Paul Heaton's thirty-five-year career has been securely founded on acutely-observed lyrics, allied with tunes that either make you want to sashay round the kitchen in your oven gloves, or hold a loved one close on the sofa. Jacqui Abbott entered the fray in 1994, bestowing her eargasmic vocals upon The Beautiful South for their album "Miaow". Together they are considerably more than the sum of their parts. When not fantasising about mutually-assured destruction or poisoning pigeons, American satirist Tom Lehrer declared, 'Irreverence is easy - what's hard is wit.' On their third album, "Crooked Calypso", Heaton and Abbott have made the hard yards, taken no conceptual short cuts, nor leant on easy puns. These sixteen songs are awash with dry wit, harking back to the very origins of the noun, rooted in deep knowledge and insightful consciousness.
They are forever opening the door to trite tropes, then slamming it shut when you least expect with uncanny force. Whatever is ripe for over-simplification is given accessible complexity. Familiar topics go in unexpected directions. Their educated insolence is directed at social division in "People Like Us", where materialistic class war leaves people with their 'head in the clouds' and their 'nose in the air', and socialist ruckus "Dice", in which you'll 'never find wizardry in state school' and 'unless you hold a magic wand,/ You'll only roll a one'. They bemoan simplistic media portrayal of obesity in "The Fat Man" and "The Lord is a White Con" is already a summer banger at evangelical conventions the length and breadth of the UK.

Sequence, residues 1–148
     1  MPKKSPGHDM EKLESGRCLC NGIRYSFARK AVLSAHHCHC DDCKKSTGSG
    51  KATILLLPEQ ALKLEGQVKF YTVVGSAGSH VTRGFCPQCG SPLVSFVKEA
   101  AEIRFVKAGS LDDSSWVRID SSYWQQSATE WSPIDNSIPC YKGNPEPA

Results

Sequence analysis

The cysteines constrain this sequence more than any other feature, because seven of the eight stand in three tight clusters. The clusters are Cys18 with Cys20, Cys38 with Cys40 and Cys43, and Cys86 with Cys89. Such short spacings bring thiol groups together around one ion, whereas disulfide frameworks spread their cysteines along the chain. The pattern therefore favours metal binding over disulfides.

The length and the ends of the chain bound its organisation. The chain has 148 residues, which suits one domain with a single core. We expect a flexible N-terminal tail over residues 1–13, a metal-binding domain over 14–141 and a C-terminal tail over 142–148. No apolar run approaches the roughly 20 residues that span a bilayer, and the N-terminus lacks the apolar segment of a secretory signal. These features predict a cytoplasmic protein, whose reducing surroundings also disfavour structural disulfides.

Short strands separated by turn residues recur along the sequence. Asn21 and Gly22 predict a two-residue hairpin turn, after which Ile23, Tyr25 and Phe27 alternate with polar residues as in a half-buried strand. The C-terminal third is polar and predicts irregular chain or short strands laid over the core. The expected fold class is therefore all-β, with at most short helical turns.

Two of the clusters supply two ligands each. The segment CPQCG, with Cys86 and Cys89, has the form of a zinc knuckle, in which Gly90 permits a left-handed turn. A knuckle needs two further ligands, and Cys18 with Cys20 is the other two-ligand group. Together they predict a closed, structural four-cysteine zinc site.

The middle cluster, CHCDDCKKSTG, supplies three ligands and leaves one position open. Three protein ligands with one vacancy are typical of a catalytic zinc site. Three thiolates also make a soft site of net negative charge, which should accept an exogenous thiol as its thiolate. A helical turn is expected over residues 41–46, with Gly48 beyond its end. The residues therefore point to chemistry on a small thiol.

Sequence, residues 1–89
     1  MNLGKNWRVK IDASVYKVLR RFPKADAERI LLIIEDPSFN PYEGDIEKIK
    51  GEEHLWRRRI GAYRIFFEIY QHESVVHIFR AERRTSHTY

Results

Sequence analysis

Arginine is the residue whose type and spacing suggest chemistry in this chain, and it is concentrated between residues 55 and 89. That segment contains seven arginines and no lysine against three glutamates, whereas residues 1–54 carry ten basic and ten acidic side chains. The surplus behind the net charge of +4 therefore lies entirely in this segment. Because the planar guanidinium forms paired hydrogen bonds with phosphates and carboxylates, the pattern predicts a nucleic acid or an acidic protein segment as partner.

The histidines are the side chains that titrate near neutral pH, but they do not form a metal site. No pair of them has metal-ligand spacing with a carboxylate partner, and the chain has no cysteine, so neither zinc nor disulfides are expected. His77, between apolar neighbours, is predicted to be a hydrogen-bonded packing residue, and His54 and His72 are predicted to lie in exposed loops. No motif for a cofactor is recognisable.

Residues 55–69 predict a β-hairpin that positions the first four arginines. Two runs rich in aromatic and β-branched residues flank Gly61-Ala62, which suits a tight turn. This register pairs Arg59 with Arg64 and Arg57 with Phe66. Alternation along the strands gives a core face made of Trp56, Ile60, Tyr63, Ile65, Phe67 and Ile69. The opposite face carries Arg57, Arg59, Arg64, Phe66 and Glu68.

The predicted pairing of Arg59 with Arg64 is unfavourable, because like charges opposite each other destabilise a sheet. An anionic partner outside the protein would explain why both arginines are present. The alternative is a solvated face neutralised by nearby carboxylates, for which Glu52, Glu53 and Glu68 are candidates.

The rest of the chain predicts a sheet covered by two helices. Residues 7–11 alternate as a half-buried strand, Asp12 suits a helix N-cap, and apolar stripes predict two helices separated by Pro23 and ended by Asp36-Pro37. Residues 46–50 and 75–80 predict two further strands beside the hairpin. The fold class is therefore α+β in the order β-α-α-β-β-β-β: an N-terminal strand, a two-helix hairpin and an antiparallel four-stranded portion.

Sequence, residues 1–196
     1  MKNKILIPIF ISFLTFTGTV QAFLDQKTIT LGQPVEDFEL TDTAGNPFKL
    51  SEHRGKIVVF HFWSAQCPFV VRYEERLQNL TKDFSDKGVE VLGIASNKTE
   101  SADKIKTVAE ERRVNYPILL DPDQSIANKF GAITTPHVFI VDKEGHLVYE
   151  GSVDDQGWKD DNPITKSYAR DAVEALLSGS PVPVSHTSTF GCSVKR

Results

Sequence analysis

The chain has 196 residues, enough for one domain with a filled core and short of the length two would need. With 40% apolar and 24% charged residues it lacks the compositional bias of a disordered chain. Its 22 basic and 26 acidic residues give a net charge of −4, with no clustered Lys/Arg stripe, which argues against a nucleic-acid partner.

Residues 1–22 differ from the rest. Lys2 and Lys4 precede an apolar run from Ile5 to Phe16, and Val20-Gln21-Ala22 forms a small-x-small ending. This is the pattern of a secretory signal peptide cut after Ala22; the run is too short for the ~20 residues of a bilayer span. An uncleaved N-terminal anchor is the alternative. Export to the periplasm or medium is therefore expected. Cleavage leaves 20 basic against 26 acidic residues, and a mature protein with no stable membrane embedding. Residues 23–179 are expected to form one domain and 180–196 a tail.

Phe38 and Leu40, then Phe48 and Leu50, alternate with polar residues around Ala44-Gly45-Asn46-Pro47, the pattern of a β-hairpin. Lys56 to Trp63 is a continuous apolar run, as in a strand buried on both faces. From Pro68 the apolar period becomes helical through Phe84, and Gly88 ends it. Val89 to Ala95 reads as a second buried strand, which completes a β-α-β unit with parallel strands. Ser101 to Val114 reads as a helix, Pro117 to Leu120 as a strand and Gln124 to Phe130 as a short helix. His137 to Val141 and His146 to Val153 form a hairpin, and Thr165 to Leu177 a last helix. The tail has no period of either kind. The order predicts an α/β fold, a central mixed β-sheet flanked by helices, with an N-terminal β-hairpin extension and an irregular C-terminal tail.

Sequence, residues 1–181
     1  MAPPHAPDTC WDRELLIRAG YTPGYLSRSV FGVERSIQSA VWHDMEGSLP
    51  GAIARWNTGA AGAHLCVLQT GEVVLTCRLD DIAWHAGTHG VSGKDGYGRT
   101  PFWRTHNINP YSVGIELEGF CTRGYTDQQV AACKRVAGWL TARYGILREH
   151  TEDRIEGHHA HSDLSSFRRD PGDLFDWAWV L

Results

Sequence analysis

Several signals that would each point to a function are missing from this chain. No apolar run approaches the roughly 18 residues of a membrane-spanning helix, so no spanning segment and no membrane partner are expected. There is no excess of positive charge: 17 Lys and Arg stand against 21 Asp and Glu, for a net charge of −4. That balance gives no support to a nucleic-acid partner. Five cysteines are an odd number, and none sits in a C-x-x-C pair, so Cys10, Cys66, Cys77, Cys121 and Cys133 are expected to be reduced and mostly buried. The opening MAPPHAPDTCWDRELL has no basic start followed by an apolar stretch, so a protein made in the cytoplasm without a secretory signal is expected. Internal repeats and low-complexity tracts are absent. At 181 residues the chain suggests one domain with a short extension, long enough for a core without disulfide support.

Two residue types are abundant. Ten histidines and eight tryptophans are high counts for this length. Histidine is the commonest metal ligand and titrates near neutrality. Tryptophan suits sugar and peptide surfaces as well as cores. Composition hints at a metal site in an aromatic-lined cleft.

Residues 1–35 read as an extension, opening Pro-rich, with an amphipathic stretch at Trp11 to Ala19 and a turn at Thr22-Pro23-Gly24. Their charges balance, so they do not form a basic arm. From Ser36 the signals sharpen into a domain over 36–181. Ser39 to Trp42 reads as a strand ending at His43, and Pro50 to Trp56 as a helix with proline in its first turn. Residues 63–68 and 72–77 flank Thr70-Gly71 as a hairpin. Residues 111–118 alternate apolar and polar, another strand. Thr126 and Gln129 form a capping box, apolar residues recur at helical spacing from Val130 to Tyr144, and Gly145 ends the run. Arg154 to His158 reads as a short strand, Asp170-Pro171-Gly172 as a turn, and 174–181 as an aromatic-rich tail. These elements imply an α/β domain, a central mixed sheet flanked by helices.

Their love songs actually remind you of what love's like. Smoothly jazzy, "The Future Mrs Heaton" espouses love for an everyday Celeste Barber-type woman, not the idealised fashionistas she parodies. Imagined suitors turn to punitive exes in "She Got The Garden," the ex who then 'left you the mower' as a final gesture of emotional negligence. "Since My Dearest Husband" deals with bereavement and loneliness, whilst still labelling him a 'stupid git' for inconsiderately expiring. The lyrical pinnacle of "Crooked Calypso" is their portrayal of a single man and a soon-to-be-married woman in a bar, "He Can't Marry Her." Their compatability is evident, but their love is impossible. Even though 'he'll dance with her in the bedroom mirror til he dies', she'll always be 'someone else's date'.
Nine-minute Mancunian epic, "Market Street" is a Lowry-meets-Morrissey-meets-Alan-Bennett mini-musical, yet it sounds like a souk, a favela and a Caribbean beach rolled into one. The whole album moves sinuously between genres; gospel, Philly soul, Paul Simon/Gracelandy rhythms and the whisky-sodden, Poguesy swing of "Blackwater Blues" all get an outing. It's an absolute joy. If this album is 'crooked', who'd want to be straight?
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